Five Things You Didn’t Know About the Chevy Camaro
Chevy's pony turns 50 this week. Let's have a party.
Amazingly, the Mustang and the Camaro are still battling neck and neck for the crown of “America’s Muscle Car.” This rivalry has to be the coolest story in the history of American car building. Here, we look back at the birth of the Camaro, which celebrates its 50th anniversary this week. It all started with the first pilot prototype (No. 10001), which rolled off the assembly line on May 21, 1966, at the General Motors Assembly Plant in Norwood, Ohio. The Historic Vehicle Association is throwing the Camaro a birthday party. Here’s some amazing facts about the Camaro, courtesy of the HVA. . .
- GM was tight-lipped about the Camaro. Few car fans knew anything about it before it was formally introduced in Detroit in August 1966—over two years after the Mustang appeared. Thus inaugurated the pony car wars, which are still raging today.
- The Camaro almost wasn’t the car’s name, according to the HVA. Rival names included Commander and Wildcat. GM even spent over $100,000 on Panther badges, anticipating that Panther would be the car’s name, only to pull a switcheroo. Camaro it would be.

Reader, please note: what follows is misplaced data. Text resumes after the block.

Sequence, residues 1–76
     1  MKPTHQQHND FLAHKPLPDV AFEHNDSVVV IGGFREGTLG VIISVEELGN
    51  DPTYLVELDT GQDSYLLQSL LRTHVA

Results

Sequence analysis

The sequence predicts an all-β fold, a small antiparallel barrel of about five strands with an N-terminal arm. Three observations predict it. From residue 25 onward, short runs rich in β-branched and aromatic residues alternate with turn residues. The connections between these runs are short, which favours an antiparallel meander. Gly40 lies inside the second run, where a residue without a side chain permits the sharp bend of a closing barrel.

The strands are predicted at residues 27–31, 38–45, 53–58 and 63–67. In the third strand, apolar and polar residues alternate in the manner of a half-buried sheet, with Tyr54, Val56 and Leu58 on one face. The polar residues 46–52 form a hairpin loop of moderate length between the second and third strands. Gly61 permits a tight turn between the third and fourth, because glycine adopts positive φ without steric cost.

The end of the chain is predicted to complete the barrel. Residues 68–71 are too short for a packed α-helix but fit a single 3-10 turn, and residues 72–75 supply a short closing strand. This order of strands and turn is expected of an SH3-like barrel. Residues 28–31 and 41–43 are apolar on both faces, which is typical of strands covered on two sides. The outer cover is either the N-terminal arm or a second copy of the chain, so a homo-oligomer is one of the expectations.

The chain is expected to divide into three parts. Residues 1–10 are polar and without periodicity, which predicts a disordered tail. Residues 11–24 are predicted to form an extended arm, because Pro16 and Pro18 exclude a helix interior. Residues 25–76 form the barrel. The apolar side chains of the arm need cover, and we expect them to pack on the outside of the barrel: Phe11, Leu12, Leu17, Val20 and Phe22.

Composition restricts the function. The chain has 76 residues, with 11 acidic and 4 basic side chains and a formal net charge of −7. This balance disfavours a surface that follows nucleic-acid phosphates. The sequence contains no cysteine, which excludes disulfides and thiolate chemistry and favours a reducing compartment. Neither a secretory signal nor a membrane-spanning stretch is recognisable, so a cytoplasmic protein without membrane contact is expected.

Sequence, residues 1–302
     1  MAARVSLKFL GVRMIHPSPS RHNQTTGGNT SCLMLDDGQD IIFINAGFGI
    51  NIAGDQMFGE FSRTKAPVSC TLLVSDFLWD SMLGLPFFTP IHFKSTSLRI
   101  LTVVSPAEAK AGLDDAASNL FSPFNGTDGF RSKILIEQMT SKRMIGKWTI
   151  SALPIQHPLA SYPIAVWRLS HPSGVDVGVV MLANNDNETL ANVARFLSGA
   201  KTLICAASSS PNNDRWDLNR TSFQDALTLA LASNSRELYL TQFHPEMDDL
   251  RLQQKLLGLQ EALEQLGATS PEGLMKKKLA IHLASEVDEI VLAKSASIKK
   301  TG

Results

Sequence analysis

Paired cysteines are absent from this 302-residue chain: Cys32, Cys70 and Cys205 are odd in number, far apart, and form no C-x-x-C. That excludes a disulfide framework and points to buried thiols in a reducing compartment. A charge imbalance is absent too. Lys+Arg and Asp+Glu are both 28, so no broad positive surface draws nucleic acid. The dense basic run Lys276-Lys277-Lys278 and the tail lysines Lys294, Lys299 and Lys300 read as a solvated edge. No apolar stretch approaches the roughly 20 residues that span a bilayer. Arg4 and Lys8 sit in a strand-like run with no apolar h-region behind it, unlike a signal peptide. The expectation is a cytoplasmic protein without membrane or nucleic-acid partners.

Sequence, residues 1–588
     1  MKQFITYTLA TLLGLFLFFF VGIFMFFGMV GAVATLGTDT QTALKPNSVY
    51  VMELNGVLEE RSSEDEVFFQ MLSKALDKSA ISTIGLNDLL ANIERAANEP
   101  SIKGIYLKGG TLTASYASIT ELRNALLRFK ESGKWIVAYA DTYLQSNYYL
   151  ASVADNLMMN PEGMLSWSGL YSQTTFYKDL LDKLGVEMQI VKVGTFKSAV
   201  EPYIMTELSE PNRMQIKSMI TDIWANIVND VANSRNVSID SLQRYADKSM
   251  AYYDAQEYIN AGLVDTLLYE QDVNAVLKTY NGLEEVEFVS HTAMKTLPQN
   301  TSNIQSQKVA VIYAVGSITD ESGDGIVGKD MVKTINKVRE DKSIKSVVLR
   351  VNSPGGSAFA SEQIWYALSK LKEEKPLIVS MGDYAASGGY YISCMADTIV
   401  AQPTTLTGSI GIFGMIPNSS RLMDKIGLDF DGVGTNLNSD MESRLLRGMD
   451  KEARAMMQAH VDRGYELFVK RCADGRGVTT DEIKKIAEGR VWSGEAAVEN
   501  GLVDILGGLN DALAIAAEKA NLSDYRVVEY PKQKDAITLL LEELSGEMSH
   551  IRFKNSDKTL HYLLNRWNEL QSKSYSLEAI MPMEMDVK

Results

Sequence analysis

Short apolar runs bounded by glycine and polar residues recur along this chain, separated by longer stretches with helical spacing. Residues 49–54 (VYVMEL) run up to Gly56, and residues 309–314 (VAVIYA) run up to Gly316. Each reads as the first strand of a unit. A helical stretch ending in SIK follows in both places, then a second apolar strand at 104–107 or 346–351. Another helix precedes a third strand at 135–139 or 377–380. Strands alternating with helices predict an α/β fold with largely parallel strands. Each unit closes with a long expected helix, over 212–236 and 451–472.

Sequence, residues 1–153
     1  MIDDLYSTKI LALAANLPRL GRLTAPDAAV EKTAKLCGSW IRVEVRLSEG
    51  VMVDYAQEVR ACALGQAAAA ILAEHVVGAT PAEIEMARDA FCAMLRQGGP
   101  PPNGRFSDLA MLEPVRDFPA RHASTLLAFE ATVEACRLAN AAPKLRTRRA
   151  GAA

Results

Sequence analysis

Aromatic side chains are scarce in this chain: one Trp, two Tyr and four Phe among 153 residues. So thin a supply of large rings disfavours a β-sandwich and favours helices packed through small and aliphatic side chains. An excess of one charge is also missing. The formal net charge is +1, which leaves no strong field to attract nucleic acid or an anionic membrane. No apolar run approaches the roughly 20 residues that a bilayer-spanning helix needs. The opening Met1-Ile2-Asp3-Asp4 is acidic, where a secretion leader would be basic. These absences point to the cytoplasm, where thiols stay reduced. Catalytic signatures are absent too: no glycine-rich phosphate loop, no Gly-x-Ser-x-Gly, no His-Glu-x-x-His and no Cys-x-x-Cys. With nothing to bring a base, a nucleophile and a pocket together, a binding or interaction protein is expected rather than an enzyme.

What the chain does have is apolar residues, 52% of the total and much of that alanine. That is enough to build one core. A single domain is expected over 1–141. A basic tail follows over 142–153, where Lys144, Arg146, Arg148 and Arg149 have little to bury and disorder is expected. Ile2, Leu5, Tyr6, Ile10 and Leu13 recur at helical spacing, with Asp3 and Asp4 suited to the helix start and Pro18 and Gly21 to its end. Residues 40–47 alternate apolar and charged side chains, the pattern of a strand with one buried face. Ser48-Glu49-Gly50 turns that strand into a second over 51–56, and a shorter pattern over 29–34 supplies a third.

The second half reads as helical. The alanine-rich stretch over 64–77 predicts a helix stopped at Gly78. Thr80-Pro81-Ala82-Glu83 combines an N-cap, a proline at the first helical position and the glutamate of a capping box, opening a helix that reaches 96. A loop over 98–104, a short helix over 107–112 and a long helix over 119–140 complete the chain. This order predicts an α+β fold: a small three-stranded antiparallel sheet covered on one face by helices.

- GM sold over 400,000 Camaros in the first two years. Those weren’t Mustang numbers, but they were pretty hot indeed.
- According to the HVA, Hagerty—the nation’s largest insurer of classic cars—ranks the Camaro as third in overall popularity among collectors. Which cars are ahead? The Corvette (#1) and the Mustang (#2).
- Amazingly, the first pilot prototype Camaro (No. 10001), pictured here, still exists. The HVA is currently in the process of adding this wonderful machine to its National Historic Vehicle Register. The car will be on display for its 50th anniversary, at the Woodward Dream Cruise the week of August 13-20. See you there!